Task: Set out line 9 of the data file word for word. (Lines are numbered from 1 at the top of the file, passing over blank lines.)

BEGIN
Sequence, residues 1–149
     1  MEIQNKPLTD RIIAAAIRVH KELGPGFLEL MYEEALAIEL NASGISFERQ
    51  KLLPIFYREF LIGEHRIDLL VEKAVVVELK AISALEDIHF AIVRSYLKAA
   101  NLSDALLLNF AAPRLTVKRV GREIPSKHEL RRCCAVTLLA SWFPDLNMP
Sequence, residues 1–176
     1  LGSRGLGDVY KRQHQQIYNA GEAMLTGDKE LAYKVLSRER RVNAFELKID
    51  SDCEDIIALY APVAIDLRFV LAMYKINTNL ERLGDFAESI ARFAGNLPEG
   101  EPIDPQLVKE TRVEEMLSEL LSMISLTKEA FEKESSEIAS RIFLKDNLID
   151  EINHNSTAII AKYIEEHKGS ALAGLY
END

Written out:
   151  EINHNSTAII AKYIEEHKGS ALAGLY